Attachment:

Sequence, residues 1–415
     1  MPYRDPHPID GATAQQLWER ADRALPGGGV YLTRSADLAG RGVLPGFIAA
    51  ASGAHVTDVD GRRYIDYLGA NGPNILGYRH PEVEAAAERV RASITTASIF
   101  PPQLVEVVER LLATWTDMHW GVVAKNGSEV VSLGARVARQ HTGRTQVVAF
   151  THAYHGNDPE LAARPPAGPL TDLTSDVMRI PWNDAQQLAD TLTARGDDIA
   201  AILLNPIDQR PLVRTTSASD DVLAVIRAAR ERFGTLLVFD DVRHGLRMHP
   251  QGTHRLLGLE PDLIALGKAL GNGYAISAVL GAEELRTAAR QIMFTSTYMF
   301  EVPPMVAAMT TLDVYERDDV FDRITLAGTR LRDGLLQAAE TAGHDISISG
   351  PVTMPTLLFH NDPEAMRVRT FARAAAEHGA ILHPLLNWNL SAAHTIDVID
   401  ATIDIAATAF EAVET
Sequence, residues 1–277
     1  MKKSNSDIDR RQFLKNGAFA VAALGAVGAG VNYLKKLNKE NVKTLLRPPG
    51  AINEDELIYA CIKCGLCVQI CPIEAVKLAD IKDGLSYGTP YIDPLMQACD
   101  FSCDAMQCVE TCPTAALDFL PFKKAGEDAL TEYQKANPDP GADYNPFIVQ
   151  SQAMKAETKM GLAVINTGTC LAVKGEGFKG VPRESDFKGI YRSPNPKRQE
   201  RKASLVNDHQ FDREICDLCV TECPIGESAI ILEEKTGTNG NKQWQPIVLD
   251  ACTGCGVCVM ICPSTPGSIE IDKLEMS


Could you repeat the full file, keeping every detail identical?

Sequence, residues 1–415
     1  MPYRDPHPID GATAQQLWER ADRALPGGGV YLTRSADLAG RGVLPGFIAA
    51  ASGAHVTDVD GRRYIDYLGA NGPNILGYRH PEVEAAAERV RASITTASIF
   101  PPQLVEVVER LLATWTDMHW GVVAKNGSEV VSLGARVARQ HTGRTQVVAF
   151  THAYHGNDPE LAARPPAGPL TDLTSDVMRI PWNDAQQLAD TLTARGDDIA
   201  AILLNPIDQR PLVRTTSASD DVLAVIRAAR ERFGTLLVFD DVRHGLRMHP
   251  QGTHRLLGLE PDLIALGKAL GNGYAISAVL GAEELRTAAR QIMFTSTYMF
   301  EVPPMVAAMT TLDVYERDDV FDRITLAGTR LRDGLLQAAE TAGHDISISG
   351  PVTMPTLLFH NDPEAMRVRT FARAAAEHGA ILHPLLNWNL SAAHTIDVID
   401  ATIDIAATAF EAVET
Sequence, residues 1–277
     1  MKKSNSDIDR RQFLKNGAFA VAALGAVGAG VNYLKKLNKE NVKTLLRPPG
    51  AINEDELIYA CIKCGLCVQI CPIEAVKLAD IKDGLSYGTP YIDPLMQACD
   101  FSCDAMQCVE TCPTAALDFL PFKKAGEDAL TEYQKANPDP GADYNPFIVQ
   151  SQAMKAETKM GLAVINTGTC LAVKGEGFKG VPRESDFKGI YRSPNPKRQE
   201  RKASLVNDHQ FDREICDLCV TECPIGESAI ILEEKTGTNG NKQWQPIVLD
   251  ACTGCGVCVM ICPSTPGSIE IDKLEMS